241 F.3d 594

241 F.3d 594 (7th Cir. 2001)

Keith S. Betts, Petitioner-Appellant,
Jon E. Litscher, Respondent-Appellee.

No. 00-3072

In the United States Court of Appeals For the Seventh Circuit

Submitted February 5, 2001
Decided February 22, 2001

Appeal from the United States District Court for the Eastern District of Wisconsin. No. 97-C-147–Aaron E. Goodstein, Magistrate Judge.

Before Easterbrook, Manion, and Diane P. Wood, Circuit Judges.

Easterbrook, Circuit Judge.


After his conviction in state court for armed robbery, Keith Betts told the court that he wanted to appeal. Elizabeth Stephens, the assistant public defender assigned to represent him under Wis. Stat. sec.809.30, eventually decided that pursuing the appeal would be frivolous. But instead of seeking leave to withdraw while informing the court of potential issues and the analysis supporting counsel’s conclusion that they are not meritorious, see McCoy v. Wisconsin Court of Appeals, 486 U.S. 429 (1988), First Assistant Public Defender Mary E. Waitrovich wrote to the court that Betts had “declined an opportunity to have a no-merit report filed by Attorney Stephens and elected to proceed pro se with an appeal.” That is the last anyone heard from counsel.


Waitrovich may have thought that Betts had “elected to proceed pro se”, but he had a different understanding. Betts peppered the court with requests for a lawyer to assist him. Every request was denied. The initial order, issued by the Wisconsin Court of Appeals on August 14, 1989, shortly after Waitrovich’s letter, stated that the public defender’s office had “properly exercised its discretion in declining representation” and that as a result “new counsel will not be appointed for Betts.” He persisted, only to be met by judicial declarations that he had forfeited his right to counsel (or his right to contest his lawyers’ performance) by not taking one or another step required by state law, such as initiating a postconviction proceeding in the trial court under Wis. Stat. sec.974.02. Betts soldiered on but isn’t much of a lawyer; his conviction and 20-year sentence were affirmed. Next Betts tried collateral relief, failing in that quest as well. The court ruled that all of his requests, including the demand for counsel on direct appeal, had been forfeited. See Wisconsin v. Betts, 1995 Wis. App. Lexis 1351 (1st Dist. Oct. 31, 1995). In federal court a magistrate judge, presiding by consent, denied Betts’ petition for a writ of habeas corpus.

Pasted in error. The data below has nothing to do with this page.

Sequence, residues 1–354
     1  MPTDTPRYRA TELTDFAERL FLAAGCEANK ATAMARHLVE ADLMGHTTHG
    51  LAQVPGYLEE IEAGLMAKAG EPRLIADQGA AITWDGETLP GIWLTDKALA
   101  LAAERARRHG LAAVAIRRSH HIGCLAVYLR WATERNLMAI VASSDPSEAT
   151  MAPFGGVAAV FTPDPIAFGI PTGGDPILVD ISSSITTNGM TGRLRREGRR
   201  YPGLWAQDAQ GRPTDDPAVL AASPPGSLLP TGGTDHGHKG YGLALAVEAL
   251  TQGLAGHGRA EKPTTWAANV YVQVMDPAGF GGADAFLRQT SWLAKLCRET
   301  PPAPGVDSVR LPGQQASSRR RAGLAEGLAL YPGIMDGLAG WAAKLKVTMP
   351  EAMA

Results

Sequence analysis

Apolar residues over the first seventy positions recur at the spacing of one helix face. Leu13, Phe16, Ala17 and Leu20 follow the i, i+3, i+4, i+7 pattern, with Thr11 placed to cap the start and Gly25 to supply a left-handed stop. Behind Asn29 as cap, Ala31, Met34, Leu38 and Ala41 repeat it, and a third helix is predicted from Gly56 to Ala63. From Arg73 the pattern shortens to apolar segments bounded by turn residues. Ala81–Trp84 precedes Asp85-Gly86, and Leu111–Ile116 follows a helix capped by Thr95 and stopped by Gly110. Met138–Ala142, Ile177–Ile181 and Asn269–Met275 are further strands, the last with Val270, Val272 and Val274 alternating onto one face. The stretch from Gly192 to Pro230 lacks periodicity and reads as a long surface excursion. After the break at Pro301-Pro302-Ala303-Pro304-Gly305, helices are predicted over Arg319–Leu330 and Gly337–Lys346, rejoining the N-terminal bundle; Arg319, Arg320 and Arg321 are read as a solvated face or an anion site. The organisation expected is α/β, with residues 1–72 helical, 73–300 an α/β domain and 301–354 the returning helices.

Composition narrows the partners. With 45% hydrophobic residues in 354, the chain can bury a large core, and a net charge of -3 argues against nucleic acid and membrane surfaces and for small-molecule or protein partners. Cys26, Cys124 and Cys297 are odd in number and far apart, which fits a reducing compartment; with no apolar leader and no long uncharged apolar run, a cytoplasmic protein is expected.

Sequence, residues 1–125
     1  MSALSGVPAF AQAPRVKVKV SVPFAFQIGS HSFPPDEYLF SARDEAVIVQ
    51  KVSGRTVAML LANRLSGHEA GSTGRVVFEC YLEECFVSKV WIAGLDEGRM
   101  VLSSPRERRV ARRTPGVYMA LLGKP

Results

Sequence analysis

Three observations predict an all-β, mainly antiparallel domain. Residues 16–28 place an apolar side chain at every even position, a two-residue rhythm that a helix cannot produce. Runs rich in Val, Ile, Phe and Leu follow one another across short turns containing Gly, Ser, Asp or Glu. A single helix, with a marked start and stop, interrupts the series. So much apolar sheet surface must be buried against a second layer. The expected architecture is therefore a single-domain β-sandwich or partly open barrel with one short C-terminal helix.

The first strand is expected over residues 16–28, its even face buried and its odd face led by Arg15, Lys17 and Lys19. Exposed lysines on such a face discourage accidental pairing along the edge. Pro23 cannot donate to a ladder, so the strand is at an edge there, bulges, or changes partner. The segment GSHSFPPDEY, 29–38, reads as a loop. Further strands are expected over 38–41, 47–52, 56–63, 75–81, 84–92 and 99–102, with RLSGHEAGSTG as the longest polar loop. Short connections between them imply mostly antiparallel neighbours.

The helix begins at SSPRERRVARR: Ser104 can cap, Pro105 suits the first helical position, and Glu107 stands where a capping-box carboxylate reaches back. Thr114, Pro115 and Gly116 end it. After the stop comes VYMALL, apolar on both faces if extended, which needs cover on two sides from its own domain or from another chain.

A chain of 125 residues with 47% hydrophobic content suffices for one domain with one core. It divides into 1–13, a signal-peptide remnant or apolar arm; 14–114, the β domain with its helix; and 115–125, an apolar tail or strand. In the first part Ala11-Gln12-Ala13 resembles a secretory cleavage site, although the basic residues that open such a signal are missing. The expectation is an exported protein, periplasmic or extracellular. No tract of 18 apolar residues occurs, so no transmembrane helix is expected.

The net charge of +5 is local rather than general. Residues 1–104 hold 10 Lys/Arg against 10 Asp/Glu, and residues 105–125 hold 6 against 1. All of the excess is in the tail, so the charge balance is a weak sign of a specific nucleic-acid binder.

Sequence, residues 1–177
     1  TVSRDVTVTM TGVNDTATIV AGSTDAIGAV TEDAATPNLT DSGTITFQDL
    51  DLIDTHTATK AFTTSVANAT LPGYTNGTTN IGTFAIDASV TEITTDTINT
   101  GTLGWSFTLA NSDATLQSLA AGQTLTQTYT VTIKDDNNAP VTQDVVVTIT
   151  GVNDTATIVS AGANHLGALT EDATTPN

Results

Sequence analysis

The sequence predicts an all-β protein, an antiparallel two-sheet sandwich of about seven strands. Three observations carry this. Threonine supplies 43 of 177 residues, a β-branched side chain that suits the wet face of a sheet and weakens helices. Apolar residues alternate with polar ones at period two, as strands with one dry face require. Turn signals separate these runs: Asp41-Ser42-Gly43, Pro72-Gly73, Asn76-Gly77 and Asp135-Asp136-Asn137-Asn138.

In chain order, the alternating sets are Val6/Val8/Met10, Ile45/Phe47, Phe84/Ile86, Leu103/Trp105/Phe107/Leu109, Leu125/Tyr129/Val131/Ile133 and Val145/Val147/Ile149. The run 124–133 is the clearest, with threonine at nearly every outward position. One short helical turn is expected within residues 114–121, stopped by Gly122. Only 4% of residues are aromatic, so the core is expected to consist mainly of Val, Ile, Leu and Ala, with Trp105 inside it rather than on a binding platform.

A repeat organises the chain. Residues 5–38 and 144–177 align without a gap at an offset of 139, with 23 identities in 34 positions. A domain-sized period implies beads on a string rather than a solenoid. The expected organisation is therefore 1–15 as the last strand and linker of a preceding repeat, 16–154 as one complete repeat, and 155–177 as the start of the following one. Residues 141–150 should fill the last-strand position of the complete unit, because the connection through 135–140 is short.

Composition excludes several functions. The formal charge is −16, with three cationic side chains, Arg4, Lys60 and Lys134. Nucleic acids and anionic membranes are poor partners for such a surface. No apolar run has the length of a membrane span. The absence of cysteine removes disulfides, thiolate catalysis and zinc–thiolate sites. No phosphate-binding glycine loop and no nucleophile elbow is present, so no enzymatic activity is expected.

Betts was constitutionally entitled to the assistance of counsel on direct appeal, but the state of Wisconsin gave him the runaround. It allowed counsel to withdraw unilaterally, then used the ensuing procedural shortcomings to block all avenues of relief. Yet one principal reason why defendants are entitled to counsel on direct appeal is so that they will not make the kind of procedural errors that unrepresented defendants tend to commit. The Constitution does not permit a state to ensnare an unrepresented defendant in his own errors and thus foreclose access to counsel. This is one of those rare cases where a state procedural ground not only is inadequate– for it is circular and supposes that Betts properly lacked counsel when the missteps were made–but also contravenes rules articulated by the Supreme Court, and thus supports a writ of habeas corpus under 28 U.S.C. sec.2254(d)(1) because the state decision is “contrary to . . . clearly established Federal law, as determined by the Supreme Court of the United States”. See also Williams v. Taylor, 529 U.S. 362 (2000).